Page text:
“People will have these big, crazy rallies. And I hope this isn't some dramatic push. I hope this actually brings change, because we have been working for this for years,” she said.

But county board chairman Van Meter said there is little evidence that the director of the facility is at fault. He noted that he supervises a unionized workforce but few formal grievances have been filed against him. Van Meter noted that hiring entry-level employees, which includes kennel workers, is a struggle for employers throughout Sangamon County.

“Virtually every enterprise in our community is struggling with inadequate staffing levels,” Van Meter said. “Our undermanned animal control staff has worked diligently to provide the service our community rightfully expects. But no organization is perfect. We are sure that our operation can be improved.”

The shortage of veterinarians to work at the shelter is also something out of the director’s control, he added.

“My understanding is he has written to every veterinarian in Sangamon County asking for help, and he hasn’t received much of a response,” Van Meter said. “Most vets are busy in their own practices.”

While the veterinarian shortage is widespread, it is particularly pronounced in communities in downstate Illinois, said Larry Firkins, an associate dean at University of Illinois, College of Veterinary Medicine.

Van Meter added many of Largent’s critics have ulterior motives.

“Some of the people want his job for themselves, while others want to have a big voice in who fills the job,” he said.

WILD Canine Rescue alleged in a news release that animals in the shelter are being improperly euthanized. Animals are typically put down by shelter staff rather than by veterinarians, Thornburg said.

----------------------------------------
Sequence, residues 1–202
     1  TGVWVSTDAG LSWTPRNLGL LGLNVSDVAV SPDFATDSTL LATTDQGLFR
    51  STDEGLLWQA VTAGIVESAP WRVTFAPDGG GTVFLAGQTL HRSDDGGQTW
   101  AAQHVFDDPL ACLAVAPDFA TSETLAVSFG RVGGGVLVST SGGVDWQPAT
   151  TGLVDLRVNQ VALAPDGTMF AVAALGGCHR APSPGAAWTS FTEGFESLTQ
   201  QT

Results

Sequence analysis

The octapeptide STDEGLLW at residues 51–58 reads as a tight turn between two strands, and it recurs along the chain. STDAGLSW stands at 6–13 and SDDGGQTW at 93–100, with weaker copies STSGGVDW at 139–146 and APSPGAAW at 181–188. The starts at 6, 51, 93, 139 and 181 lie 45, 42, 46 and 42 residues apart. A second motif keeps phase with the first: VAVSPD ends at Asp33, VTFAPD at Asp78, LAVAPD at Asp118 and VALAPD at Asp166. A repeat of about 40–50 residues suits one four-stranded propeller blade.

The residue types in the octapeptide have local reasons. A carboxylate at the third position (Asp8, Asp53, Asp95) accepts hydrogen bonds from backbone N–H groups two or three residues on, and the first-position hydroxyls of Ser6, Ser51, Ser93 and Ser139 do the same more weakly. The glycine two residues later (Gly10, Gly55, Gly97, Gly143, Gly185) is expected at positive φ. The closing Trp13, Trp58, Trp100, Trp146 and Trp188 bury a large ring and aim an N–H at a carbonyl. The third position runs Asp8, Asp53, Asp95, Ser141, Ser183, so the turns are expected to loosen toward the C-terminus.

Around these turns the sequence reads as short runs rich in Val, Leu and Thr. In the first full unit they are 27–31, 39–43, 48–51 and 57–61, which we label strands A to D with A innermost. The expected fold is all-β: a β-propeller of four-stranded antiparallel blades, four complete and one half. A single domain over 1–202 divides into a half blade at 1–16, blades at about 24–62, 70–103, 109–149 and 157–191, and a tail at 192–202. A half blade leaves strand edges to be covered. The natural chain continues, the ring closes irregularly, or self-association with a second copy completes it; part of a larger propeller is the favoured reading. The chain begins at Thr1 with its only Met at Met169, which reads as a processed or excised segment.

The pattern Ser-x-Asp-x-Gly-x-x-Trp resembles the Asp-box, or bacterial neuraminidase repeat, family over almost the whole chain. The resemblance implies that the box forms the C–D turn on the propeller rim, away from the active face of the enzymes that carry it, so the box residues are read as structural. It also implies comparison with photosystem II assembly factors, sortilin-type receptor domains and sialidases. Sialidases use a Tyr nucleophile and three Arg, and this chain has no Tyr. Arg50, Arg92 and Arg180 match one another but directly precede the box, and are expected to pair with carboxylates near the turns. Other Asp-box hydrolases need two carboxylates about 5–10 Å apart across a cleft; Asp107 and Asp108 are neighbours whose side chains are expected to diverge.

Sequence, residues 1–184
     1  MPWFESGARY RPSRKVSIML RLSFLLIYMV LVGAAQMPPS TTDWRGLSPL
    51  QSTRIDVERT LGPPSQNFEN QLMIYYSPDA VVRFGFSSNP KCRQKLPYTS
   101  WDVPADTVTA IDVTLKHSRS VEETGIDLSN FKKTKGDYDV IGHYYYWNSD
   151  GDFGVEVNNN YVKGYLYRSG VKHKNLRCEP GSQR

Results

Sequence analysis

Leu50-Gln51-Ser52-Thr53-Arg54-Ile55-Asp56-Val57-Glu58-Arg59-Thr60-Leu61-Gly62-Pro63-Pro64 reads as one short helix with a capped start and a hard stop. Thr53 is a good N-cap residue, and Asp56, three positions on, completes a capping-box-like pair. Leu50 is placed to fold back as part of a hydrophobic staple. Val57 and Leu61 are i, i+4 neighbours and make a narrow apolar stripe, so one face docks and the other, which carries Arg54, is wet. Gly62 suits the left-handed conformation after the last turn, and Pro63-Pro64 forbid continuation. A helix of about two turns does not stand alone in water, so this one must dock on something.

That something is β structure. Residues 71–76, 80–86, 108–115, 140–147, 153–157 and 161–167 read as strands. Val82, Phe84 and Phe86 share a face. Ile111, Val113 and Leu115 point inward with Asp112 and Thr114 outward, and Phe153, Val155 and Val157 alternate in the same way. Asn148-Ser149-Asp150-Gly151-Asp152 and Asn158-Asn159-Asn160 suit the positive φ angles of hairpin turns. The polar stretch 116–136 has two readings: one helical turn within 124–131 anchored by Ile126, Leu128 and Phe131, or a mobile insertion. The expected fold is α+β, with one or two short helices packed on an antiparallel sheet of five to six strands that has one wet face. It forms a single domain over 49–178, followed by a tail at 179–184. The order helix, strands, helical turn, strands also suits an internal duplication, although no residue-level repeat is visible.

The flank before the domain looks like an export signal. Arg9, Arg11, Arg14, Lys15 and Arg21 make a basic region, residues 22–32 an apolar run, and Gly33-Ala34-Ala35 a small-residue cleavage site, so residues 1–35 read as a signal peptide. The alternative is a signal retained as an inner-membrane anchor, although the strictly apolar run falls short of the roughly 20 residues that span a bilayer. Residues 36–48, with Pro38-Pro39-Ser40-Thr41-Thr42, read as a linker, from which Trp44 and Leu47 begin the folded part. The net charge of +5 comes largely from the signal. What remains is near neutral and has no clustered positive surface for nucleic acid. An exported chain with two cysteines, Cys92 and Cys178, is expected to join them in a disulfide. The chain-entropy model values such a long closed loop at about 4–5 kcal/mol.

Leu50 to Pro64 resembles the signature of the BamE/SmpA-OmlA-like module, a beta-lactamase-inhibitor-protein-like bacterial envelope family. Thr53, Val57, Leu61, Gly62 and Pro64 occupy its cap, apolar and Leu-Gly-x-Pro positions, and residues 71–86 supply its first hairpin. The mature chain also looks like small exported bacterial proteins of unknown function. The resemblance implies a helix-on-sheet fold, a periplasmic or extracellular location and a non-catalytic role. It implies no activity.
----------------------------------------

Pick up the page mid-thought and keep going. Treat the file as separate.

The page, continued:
“Oh, sure, if we were there and they asked us to put an animal down, we would,” he said. “But typically, that was done by the staff.” Thornburg said during the years he was a veterinarian at the shelter he never saw evidence of improper techniques being used to euthanize dogs or cats.

The county has requested that the Illinois State Police investigate allegations made against staff and leadership alleging criminal abuse or neglect of animals. On Monday, a veterinarian from the Department of Agriculture conducted a surprise inspection of the shelter and found no violations. Staci Slager, the department’s bureau chief for animal health and welfare, said the facility was previously inspected March 12 and no violations were found at that time either.

Mayor Langfelder said city council members are receiving complaints about conditions at the shelter and that he is open to seeing if any private nonprofit groups in the community would have the capacity and necessary resources to eventually replace the county in providing animal control services.

“First, we would ask: ‘Do you have the capacity to provide the service like the county’s currently doing? And two, can you do it as well or better?’ You have to do it better, otherwise why do it?”

This article has been updated to reflect information about the inspection conducted on Oct. 18.

Scott Reeder is a staff writer for Illinois Times and can be reached at